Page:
This one is interesting: AN-12BP 4L-11241 (c/n 402102) of Lasare Air. This company comes from Tbilisi, Republic of Georgia. The company was founded in 1995 the Republic in 1990 !) and it seems they had 3 aircraft in 1999, 2 AN-12s and an Il-76. Some 5 people are in regular employment and the Director is Mr. Dzhoni A. Lasareishvili. Hence the name, Lasare Air. And Sharjah is the crossroads of the world for companies like these. What a wonderful place.
This AN-12 is registered UN-11001 (c/n 5343408) to Daallo Airlines, operating out of a P.O.Box in Dubai. Daallo Airlines was founded in 1991 and this is its single AN-12. They have 4 AN-24s and a Tupolev TU-154. The AN-12 was intended to be replaced during the 1970s by the Ilyushin 76, of which 2 are in the background. But the AN-12 is still around and the Il-76 is getting replaced. Props forever..!
Credit for much of the above information:
Encyclopedia of World Military Aircraft, Vol.1. Edited by David Donald and Jon Lake. Published by World Air Power, Aerospace Publishing, 1994)
.....their publications is the best on what you can get if you are interested in military aviation.....
Classic Airliners by Tom Singfield, Midland Publishing, 2000
....an absolute gem on its subject, nothing short of a masterpiece: exact, concise information and excellent photography...
Soviet Transports by Peter Hillman, Stuart Jessup & Guus Ottenhof (TAHS)
....a standard reference work and one cannot but admire their courage to take on this Herculean task...
JP Airline Fleets 2000/1. Published by Bucher & Co.
....The standard reference work for civil aviation spotters, much admired and imitated. Swiss perfection....
And of course, credit goes to the Sharjah Airport Management, that extends the hospitality to have visitors like me wander around quite freely (against a fee and the effort to pass the hurdles of immigrations and visa requirements). It is truly a unique experience
Or Have A Look At The Other Pages:
Ilyushin 18s at Sharjah, april 2000.
DC-3 Gooney Birds
The C-46 Curtis Commando
And this is the link to the HomePage of Sharjah itself, see the layout and you can find the info on how to get a photo-permit and ramp-access:
A word of warning though, by Alex Waning (Feb.2004):"Sharjah airport offers on the Internet the possibility to film and photograph on airside. You can fill out filming equipment, but you will not get a filming permit! Filming is not allowed anymore at Sharjah! Not a good improvement!".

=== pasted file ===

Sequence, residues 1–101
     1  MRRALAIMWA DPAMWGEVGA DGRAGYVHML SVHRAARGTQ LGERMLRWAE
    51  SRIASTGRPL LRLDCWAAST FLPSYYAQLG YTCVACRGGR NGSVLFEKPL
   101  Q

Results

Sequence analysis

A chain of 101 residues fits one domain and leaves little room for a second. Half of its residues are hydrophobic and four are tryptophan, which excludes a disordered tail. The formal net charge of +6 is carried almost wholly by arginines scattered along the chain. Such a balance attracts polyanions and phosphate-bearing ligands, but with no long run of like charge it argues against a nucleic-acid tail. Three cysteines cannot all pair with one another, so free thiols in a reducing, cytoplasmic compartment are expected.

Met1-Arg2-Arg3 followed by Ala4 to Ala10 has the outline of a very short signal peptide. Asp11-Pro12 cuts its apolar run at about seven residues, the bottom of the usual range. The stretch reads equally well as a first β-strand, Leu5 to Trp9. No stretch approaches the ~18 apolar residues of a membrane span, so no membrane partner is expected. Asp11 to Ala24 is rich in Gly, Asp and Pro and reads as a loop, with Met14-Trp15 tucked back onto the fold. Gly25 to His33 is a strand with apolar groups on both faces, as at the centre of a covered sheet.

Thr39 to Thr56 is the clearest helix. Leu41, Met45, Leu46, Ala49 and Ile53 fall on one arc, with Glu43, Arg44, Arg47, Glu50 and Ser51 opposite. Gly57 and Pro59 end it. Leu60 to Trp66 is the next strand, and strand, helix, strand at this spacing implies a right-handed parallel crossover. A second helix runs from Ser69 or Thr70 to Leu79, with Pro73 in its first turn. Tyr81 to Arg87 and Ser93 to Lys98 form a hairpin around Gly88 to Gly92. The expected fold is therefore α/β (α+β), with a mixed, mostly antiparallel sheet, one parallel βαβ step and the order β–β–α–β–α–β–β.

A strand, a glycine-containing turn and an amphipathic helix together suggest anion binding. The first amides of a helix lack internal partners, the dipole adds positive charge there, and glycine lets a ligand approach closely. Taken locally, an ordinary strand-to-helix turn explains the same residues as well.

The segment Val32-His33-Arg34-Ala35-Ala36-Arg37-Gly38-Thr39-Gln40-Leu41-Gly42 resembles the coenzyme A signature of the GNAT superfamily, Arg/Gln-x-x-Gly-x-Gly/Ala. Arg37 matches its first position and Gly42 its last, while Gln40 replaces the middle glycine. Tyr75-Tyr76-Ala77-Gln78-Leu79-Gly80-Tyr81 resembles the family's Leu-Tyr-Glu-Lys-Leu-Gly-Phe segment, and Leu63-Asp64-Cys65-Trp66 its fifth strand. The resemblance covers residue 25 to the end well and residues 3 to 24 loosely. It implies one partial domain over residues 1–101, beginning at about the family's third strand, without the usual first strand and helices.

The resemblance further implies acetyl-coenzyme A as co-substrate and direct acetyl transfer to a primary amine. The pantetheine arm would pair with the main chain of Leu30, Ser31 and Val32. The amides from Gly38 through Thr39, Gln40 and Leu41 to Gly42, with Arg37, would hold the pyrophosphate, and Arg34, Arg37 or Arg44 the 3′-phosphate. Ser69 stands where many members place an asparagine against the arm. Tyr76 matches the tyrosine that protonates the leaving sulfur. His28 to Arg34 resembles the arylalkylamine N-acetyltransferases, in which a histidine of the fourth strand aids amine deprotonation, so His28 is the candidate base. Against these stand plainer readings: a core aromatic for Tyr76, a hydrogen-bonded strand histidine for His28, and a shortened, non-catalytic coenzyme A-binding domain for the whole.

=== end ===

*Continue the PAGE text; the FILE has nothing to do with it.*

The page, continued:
By Nov.2008 it seems that this facility has become something of the past.
GCAA issued a ban of the Antonov An-12 from UAE airspace during jan.2009!
The General Civil Aviation Authority of United Arab Emirates (GCAA) has temporarily banned the Antonov An-12 from UAE airspace starting effective 8th January 2009.
"This action is the result of the numerous incidents that involved this type of aircraft, and considered necessary to ensure the safety of the travelling public until the GCAA completes its investigative actions in accordance with national and international civil aviation standards and regulations." Said Saif Mohammed Al Suwaidi, Director General of the GCAA.
The GCAA continues to evaluate its decision and any further future action based on the latest technical and aviation safety analysis and data from regional and international aviation authorities and bodies and organizations.
"National and International civil aviation regulations and standards mandate the GCAA to take necessary actions to ensure the safety of our airspace and international civil aviation. Our action is in line with these mandates." Added Al Suwaid.
By Shakir Husain, Staff Reporter
Published: January 13, 2009, 23:42
Dubai: The UAE ban on the Antonov An-12 was long overdue as thefour-engine turboprop transport plane had already been banned in several countries over safety fears, a top cargo industry executive said on Tuesday.
Fathi Hilal Buhazza, president and chief executive officer of Abu Dhabi-based Maximus Air Cargo, told Gulf News although some airlines found it cheaper to carry cargo on the old Soviet-era plane, its "operating standards are not acceptable in many countries."
He said the ban was "long overdue and not surprising." Maximus hopes to attract new customers that earlier used services operated on the banned plane.
"Those people will have to look at their options again," Buhazza said, adding that some cargo operators using the An-12 were able to provide cheaper freight rates because they paid comparatively lerss in insurance and operating costs.